As René pointed out, “Marty is right: don’t sweat the details, unless that’s your thing, in which case, don’t expect anyone else to notice.”

I would add that if you don’t sweat the details, hope nobody else will notice!

Nothing new under the sun…

A lot of people seem to lay claim to the “less is more” concept: I see it frequently posted on the web along the lines of, “John Smith explains his ‘less is more’ concept” or even “I explain my ‘less is more’ concept”.

Anyway, I came across this wonderful quote from Seneca the Younger (5BCE-65CE):

It is quality rather than quantity that matters.

Sense of Place

I have written before about “love of subject”, and indeed mention it in the “about” sidebar entitled “Finescale With Feeling”. I think it provides a “grounding” for the modeller, and this shows in the results. That said, I wish I had done as good a job as Ken Karlewicz has in his YouTube video:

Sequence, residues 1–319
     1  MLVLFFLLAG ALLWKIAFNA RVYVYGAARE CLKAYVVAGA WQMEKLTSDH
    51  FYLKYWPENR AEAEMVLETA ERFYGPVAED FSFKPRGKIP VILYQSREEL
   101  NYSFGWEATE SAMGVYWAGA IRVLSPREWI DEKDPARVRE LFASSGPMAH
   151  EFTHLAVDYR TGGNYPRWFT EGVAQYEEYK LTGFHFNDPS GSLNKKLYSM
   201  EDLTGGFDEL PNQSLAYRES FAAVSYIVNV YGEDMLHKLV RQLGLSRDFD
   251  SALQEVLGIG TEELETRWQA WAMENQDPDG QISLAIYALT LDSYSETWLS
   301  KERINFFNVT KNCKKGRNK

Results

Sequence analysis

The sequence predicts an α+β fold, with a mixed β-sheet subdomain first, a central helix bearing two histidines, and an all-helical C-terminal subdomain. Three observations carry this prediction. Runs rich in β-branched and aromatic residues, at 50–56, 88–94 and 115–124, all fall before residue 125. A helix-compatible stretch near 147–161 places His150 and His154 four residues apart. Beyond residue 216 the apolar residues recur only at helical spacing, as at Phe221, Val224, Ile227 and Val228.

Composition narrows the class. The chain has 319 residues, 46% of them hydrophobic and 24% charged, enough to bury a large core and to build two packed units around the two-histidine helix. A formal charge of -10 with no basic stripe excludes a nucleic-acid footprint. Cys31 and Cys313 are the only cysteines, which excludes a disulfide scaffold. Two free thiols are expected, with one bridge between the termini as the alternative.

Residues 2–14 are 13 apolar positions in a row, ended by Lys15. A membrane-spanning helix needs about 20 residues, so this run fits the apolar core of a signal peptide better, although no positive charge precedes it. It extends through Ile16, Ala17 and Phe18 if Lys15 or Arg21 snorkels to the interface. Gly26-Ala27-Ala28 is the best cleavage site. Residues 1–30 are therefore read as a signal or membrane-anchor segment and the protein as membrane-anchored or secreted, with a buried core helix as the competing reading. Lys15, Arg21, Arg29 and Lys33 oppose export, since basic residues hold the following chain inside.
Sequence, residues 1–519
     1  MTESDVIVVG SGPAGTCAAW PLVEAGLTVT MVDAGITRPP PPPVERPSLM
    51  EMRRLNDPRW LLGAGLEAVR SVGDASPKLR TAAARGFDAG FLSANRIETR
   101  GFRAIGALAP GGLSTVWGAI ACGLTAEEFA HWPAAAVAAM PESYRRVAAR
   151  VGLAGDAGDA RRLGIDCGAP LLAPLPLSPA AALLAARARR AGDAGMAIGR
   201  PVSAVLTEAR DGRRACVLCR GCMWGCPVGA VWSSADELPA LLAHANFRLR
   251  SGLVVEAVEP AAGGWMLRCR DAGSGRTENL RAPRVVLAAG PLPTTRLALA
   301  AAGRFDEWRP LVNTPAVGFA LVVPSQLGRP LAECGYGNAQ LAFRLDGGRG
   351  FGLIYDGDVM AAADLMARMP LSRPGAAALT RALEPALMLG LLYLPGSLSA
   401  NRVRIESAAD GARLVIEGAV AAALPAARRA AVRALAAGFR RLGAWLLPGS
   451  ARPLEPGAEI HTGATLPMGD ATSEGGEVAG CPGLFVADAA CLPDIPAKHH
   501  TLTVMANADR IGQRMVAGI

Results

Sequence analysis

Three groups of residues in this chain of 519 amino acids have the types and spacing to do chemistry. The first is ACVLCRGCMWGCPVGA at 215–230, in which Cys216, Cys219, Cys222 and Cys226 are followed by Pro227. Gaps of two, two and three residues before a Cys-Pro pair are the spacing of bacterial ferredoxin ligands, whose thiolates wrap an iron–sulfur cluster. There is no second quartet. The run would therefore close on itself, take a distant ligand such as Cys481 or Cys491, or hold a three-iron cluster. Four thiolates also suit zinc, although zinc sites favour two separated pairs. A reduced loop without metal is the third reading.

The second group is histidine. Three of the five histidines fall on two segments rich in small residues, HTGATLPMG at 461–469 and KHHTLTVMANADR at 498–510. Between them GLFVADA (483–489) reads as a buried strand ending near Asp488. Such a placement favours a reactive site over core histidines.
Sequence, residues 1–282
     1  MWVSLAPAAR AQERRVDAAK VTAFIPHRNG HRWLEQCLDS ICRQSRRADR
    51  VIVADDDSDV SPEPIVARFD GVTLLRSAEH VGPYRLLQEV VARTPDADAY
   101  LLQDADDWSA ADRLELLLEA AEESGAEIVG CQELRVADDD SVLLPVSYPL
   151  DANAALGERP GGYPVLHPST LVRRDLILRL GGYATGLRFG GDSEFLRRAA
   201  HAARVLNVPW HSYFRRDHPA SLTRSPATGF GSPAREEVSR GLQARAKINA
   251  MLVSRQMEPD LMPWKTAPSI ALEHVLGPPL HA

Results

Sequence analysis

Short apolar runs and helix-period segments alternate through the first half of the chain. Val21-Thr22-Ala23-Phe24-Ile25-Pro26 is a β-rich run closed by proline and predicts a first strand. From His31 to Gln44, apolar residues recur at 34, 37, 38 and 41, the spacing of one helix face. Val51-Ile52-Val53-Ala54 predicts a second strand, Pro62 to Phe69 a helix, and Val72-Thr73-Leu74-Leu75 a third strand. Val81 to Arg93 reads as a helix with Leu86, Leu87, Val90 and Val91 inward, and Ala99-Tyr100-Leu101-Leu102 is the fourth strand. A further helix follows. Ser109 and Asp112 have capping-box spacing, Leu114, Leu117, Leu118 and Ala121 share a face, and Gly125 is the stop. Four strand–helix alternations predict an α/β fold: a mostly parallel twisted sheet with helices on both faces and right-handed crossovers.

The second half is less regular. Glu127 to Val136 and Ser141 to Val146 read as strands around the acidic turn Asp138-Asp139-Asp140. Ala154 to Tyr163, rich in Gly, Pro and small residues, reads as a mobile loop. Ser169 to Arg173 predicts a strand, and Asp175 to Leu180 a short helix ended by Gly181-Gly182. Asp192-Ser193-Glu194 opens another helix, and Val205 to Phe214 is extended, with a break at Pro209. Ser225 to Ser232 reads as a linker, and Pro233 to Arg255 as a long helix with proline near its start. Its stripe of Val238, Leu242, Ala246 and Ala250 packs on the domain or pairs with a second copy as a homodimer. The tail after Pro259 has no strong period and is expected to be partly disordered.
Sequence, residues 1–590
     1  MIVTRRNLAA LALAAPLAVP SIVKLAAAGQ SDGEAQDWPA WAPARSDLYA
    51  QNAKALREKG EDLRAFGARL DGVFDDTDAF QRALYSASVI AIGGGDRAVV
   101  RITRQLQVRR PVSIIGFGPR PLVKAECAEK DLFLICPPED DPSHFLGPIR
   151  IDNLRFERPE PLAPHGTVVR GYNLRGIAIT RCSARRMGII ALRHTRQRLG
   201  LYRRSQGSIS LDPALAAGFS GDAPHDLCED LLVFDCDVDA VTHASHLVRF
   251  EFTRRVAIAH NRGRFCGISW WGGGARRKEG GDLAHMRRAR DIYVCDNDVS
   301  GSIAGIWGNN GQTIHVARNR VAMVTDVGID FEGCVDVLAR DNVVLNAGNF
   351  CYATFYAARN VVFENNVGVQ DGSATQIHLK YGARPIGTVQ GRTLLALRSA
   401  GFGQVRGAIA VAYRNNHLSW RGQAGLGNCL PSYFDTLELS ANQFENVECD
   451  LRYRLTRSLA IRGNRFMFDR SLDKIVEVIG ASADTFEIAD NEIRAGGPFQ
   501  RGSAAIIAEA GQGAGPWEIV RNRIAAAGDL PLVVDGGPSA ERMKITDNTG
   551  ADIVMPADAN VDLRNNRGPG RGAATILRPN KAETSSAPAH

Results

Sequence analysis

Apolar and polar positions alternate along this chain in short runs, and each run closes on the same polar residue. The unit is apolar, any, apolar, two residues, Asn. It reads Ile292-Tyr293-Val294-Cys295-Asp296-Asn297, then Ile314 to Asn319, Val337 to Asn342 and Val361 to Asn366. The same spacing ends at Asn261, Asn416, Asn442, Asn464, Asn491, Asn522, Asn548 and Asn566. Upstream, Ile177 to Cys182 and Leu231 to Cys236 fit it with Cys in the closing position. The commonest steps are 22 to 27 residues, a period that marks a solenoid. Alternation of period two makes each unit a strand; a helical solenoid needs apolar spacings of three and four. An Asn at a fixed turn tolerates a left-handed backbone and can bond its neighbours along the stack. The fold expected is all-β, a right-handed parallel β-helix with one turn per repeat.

Our hobby needs more like this.

Thanks due to Trevor Marshall for introducing this to me.

Addendum: this layout is featured in the 2019 issue of Model Railroad Planning.

…and Standards

Engineers talk about tolerances, the degree to which a component can vary from a specification – and also whether that is plus, minus or ±. These two things, the specification and the tolerance, are the very definition of standards. The finer (smaller) the tolerances, the finer the standard and the greater the precision. Simple. But the standard is the standard, and the tolerance is the tolerance, regardless of the degree of precision.